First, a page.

If you are dedicated to your career, you’re probably stuck in your office, in the store you manage, or in front of a computer more than 40 hours a week. A problem always seems to exist that requires your immediate attention.
But this time the answer eludes you.
It happens a lot to writers, too. Sometimes our focus can be so I intense that we don’t see the big picture, and we lose the creativity needed to find a solution.
As sports-columnist character Ray Barone said in the sitcom, Everybody Loves Raymond:
“Sometimes you have to stop thinking about it so you can really think ABOUT it.”
Ray was trying to pull a fast one on his wife, who popped in at the newspaper where he worked, but he spoke the truth in his own deceitful way.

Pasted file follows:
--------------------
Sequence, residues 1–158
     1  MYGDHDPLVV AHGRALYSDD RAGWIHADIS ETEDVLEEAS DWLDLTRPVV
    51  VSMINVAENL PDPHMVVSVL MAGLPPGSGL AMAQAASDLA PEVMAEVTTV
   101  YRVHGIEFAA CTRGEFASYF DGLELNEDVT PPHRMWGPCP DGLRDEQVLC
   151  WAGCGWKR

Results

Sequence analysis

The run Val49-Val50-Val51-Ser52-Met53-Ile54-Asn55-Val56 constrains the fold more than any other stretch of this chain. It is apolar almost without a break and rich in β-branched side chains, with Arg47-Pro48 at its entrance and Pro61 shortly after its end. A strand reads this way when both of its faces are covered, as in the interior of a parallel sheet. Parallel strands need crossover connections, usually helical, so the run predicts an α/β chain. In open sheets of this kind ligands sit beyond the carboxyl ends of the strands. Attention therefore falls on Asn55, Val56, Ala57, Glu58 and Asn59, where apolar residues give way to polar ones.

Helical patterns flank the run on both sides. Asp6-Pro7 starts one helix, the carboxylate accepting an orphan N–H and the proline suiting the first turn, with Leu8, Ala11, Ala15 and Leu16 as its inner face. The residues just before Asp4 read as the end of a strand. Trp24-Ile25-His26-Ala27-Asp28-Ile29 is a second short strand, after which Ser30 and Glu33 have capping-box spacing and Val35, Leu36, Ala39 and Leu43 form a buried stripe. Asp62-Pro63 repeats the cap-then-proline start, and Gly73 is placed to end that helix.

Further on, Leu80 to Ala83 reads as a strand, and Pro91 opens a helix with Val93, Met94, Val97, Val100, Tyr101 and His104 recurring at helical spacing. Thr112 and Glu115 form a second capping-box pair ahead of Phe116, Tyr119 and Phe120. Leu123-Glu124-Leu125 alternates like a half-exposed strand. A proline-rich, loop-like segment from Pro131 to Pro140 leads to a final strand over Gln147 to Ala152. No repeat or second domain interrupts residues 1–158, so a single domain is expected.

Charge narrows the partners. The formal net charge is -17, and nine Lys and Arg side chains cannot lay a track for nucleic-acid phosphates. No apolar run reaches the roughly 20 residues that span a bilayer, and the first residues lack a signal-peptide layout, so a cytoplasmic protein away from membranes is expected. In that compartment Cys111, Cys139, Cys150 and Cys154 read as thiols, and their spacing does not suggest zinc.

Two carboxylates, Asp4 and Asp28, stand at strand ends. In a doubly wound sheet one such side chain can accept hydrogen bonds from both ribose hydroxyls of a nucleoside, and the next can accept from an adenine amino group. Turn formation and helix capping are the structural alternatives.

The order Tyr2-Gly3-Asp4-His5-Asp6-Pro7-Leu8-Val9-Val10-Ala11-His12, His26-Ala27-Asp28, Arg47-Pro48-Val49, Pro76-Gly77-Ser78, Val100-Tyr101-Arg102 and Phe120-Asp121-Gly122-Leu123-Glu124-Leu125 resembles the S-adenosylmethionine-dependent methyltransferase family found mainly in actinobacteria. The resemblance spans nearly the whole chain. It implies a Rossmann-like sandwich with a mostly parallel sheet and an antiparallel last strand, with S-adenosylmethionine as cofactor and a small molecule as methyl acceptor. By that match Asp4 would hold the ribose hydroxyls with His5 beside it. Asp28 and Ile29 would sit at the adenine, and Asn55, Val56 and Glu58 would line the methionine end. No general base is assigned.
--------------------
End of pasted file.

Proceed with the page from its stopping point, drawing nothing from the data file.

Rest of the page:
We sometimes need to step back and view our work from a distance, perhaps as an outsider. Place some space and time between our problem or project and ourselves. Think of something else.
I can’t fill my time with nonsense, you might say. I don’t have time for a break. When this job is done, then I’ll relax.
But recreation leads to re-creation, or creating anew. When we return to our problem or project, we might see it in a new way. And often, we are excited to get back to work.
The filler is sometimes the fanner of the creative flame. The break is sometimes the boost to our brains.
So eat a relaxing meal in a restaurant instead of fast food.
Volunteer for a few hours for the enjoyment of it.
Take a walk or go camping, and listen to nature.
Visit with family or friends.
The answer you seek might be out there somewhere.